Yo-yoing lockdowns are costly and to be avoided if at all possible.

Automated contact tracing could help a lot, as could smart and aggressive batch testing. We should be doing both until a vaccine is deployed.

Some commentators talk about “living with this virus” which is basically code for letting it rip. Instead, what we need to do is engage in “relentless suppression” to keep the reproduction rate low and our economy open.The Conversation

Richard Holden, Professor of Economics, UNSW

This article is republished from The Conversation under a Creative Commons license. Read the original article.

Worried you might test positive and put a spanner in Victoria’s COVID roadmap? Here’s why you should get tested anyway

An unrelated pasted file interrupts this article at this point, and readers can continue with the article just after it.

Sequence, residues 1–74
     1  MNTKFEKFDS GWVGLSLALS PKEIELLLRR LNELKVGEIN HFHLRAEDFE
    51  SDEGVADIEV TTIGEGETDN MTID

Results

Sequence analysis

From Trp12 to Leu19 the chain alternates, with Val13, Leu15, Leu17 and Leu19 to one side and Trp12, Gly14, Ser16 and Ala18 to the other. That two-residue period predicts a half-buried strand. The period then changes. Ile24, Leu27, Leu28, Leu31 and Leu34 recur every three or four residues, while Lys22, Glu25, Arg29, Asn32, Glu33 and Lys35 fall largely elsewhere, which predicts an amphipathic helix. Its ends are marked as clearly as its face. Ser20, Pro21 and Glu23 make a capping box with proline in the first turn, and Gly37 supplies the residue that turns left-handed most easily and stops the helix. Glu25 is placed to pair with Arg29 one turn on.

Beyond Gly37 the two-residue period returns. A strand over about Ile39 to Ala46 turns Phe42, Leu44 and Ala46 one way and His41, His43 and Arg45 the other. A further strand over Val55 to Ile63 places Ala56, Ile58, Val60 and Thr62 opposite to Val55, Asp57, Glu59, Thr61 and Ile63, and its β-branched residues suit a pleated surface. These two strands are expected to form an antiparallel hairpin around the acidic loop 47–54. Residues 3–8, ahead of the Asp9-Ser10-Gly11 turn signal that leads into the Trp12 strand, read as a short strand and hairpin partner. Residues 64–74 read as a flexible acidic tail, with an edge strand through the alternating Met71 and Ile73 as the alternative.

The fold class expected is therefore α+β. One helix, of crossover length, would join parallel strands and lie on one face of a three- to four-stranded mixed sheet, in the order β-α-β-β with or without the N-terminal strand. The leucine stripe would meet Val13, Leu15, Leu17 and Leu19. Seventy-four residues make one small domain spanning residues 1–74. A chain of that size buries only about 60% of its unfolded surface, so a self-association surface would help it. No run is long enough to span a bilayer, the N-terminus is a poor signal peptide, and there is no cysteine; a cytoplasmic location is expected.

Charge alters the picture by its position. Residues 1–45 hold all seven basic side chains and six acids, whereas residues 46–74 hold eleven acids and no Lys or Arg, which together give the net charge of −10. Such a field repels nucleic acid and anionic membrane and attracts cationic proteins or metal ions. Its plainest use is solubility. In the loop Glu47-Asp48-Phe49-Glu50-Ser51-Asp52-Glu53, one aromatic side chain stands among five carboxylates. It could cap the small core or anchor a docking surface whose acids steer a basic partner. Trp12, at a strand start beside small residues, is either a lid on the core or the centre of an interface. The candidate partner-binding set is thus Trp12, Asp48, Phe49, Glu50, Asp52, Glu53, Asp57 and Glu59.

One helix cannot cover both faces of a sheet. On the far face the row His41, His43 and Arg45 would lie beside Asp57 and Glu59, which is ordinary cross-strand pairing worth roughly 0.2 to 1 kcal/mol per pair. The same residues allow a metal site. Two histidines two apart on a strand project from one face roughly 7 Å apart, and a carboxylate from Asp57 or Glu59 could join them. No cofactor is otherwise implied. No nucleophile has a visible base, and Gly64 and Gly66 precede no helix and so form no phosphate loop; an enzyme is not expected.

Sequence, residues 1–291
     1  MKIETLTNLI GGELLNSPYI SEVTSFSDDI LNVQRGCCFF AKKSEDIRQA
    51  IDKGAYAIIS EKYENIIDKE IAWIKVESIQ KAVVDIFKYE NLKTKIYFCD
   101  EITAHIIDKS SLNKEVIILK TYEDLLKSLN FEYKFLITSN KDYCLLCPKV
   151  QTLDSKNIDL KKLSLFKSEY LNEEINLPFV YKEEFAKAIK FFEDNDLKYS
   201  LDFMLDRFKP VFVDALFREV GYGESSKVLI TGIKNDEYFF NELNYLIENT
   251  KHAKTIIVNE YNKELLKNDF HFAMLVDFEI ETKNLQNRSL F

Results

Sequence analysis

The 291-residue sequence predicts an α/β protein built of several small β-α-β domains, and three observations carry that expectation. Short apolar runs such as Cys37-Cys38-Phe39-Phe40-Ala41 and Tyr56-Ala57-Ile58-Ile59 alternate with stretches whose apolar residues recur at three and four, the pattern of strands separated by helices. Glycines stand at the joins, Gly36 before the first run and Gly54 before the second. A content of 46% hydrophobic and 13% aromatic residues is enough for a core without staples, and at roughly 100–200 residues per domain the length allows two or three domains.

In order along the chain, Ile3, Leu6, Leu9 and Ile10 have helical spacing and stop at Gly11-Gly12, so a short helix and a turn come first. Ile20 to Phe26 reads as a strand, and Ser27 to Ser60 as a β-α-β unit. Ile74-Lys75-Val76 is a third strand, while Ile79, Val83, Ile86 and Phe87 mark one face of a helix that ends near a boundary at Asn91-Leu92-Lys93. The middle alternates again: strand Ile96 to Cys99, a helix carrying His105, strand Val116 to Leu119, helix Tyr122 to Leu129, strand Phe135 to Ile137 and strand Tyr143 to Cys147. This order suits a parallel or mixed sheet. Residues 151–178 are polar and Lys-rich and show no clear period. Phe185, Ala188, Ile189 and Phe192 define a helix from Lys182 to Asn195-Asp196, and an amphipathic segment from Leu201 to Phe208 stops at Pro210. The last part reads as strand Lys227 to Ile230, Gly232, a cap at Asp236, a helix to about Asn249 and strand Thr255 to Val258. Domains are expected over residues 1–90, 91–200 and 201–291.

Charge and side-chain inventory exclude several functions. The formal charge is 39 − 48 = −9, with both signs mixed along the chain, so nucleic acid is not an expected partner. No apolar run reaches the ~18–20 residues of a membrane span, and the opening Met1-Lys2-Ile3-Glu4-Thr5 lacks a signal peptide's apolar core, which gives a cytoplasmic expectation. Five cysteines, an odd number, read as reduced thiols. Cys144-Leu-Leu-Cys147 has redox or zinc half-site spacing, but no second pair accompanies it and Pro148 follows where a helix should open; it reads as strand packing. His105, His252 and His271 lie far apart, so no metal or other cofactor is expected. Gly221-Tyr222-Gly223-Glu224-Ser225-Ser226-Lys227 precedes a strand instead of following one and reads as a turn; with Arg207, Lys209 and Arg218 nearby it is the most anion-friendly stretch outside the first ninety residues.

Breanna Wright, Monash University

Victoria’s much-anticipated roadmap out of lockdown was released on Sunday, bringing with it a clear outline of how (and provisionally when) Victoria will see an easing of restrictions.

The plan is transparent about the case numbers, or lack of them, required for the state to move to each progressive stage. For example, moving to the second step, provisionally scheduled for September 28, will require an average of 30-50 new cases per day over a 14-day period.

Victorians are suffering from lockdown fatigue. They’re exhausted and drained. The reopening of playgrounds, the singles bubble, shortening the curfew, and an extra hour of daily exercise are all gestures to keep them going during this difficult time. But many people are still desperate for the lockdown to end.

Lockdown won’t be over until the number of positive cases falls. And there’s a risk that a desire to end restrictions might discourage Victorians from getting tested, for fear of adding to the numbers and prolonging the lockdown.

Not getting tested?